Pakistani court indicts Musharraf for treason

"I honor this court and prosecution, I strongly believe in law I don't have ego problems," Musharraf said in court

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Former Pakistani military ruler Pervez Musharraf on Monday was indicted for treason on charges relating to his 2007 imposition of emergency in a historic first for a country ruled for half its history by the army.

A special tribunal comprising three judges read out five charges, as the former president stood ramrod straight and replied "Not guilty" to each charge.

Musharraf, who has been absent from most of the tribunal's hearings owing to security threats and ill health, then turned to address the court.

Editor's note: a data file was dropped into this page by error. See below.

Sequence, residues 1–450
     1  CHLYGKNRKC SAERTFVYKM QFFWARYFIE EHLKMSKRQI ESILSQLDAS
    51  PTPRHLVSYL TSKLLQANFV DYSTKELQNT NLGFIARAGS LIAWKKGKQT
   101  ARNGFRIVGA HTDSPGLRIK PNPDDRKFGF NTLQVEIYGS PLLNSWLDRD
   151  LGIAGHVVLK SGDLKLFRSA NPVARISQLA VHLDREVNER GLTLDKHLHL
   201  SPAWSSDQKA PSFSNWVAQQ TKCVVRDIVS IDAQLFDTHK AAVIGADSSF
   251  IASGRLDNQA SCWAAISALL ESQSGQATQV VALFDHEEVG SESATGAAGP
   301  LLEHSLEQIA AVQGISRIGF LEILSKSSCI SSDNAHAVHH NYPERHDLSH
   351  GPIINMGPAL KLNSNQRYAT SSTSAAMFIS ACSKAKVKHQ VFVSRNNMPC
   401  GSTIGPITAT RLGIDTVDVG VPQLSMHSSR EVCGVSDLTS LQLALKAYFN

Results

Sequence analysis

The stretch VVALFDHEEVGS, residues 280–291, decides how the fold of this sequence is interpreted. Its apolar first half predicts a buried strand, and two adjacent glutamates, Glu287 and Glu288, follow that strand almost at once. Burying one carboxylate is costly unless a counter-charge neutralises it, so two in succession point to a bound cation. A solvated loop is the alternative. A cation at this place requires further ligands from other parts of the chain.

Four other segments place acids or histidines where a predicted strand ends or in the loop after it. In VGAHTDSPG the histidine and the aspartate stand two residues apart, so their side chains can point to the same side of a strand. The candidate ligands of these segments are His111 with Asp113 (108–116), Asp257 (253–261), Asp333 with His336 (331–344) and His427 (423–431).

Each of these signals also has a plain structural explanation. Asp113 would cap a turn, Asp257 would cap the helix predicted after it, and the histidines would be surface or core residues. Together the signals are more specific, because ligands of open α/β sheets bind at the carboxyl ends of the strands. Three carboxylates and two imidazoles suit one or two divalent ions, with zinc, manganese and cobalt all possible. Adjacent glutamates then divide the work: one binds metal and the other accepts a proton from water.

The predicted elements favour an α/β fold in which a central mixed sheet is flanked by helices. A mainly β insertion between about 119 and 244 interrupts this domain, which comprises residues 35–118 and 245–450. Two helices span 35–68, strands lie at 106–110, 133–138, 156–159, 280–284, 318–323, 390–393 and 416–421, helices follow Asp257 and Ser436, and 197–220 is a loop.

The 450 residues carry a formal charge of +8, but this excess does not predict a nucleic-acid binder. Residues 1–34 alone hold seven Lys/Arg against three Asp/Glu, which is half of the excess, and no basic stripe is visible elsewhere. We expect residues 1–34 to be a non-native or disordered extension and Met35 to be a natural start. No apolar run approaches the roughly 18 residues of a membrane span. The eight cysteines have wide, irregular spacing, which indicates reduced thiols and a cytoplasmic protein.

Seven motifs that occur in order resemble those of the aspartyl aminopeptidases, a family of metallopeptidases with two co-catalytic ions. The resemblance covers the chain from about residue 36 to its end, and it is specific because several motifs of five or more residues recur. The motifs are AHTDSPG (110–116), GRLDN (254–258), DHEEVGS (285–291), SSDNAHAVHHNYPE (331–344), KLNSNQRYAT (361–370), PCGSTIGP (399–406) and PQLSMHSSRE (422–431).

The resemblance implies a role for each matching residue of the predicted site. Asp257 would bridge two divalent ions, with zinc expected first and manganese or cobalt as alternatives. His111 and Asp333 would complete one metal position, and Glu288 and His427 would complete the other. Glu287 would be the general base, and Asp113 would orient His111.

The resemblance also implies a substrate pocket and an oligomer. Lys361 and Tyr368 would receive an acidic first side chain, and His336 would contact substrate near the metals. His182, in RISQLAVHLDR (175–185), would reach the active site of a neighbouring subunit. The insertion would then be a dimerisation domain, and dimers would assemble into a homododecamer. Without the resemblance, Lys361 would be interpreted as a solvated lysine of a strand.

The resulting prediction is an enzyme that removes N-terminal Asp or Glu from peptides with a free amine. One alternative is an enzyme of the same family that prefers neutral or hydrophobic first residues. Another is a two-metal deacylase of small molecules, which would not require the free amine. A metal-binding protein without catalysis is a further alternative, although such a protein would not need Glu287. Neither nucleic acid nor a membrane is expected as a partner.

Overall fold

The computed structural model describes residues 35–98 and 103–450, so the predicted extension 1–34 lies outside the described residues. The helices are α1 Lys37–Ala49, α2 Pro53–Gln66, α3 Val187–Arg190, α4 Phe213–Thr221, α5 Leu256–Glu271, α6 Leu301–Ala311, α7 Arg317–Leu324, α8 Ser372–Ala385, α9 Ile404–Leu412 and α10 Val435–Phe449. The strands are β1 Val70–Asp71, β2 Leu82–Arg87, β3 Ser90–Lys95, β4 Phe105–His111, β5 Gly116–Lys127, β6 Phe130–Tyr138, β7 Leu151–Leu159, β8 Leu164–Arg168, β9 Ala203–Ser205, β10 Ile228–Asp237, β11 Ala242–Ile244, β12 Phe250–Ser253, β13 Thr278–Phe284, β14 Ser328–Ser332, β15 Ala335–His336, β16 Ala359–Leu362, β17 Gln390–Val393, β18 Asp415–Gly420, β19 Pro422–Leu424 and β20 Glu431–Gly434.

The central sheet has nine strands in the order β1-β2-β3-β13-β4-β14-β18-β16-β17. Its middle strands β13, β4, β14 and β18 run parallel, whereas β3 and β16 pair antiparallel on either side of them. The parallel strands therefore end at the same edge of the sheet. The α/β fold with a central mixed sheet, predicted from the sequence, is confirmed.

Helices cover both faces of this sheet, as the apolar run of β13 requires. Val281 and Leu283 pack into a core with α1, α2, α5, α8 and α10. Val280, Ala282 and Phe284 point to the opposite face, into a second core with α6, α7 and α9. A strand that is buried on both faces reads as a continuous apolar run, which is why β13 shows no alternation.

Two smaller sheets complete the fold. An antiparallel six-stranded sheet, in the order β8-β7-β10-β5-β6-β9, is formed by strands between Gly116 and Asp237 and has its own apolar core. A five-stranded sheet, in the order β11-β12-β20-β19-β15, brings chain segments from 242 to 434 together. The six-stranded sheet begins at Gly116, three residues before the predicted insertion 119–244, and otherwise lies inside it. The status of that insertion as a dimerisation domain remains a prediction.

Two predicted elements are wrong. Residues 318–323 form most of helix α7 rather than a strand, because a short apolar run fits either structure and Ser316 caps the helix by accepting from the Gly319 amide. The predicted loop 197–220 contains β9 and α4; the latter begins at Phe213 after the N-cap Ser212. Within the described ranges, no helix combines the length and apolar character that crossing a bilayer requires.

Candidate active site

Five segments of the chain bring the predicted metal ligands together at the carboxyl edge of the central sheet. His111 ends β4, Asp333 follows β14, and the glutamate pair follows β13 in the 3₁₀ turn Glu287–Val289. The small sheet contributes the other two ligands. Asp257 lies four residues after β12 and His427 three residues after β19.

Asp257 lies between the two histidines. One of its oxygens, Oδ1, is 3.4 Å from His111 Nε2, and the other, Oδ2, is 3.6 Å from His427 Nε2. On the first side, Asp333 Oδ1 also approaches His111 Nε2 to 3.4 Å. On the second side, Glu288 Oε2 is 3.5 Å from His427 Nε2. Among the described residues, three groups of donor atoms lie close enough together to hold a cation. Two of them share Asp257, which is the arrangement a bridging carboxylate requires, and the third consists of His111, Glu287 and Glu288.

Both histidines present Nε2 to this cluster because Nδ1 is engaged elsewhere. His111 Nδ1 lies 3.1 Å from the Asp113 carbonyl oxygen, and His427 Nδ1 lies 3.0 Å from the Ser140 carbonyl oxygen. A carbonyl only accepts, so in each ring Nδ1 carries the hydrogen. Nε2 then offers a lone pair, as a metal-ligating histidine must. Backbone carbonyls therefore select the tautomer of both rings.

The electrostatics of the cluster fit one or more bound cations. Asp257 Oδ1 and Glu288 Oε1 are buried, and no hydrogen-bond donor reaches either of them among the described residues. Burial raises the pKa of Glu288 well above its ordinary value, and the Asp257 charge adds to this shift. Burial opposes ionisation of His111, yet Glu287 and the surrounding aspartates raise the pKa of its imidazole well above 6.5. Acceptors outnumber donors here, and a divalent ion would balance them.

"I honor this court and prosecution, I strongly believe in law I don't have ego problems, and I have appeared in court 16 times in this year in Karachi, Islamabad and Rawalpindi," the 70-year-old, who ruled Pakistan from 1999 to 2008, said.

"I am being called a traitor, I have been chief of army staff for nine years and I have served this army for 45 years. I have fought two wars and it is 'treason'?"

Later his lawyer asked the court's permission for Musharraf to visit his sick mother in Dubai, according to Reuters news agency. The former military ruler is currently under house arrest.

Musharraf faces the death penalty if convicted of the charges over his suspension of the constitution and imposition of emergency rule in 2007, when he was trying to extend his rule as president.

(with AFP and Reuters)

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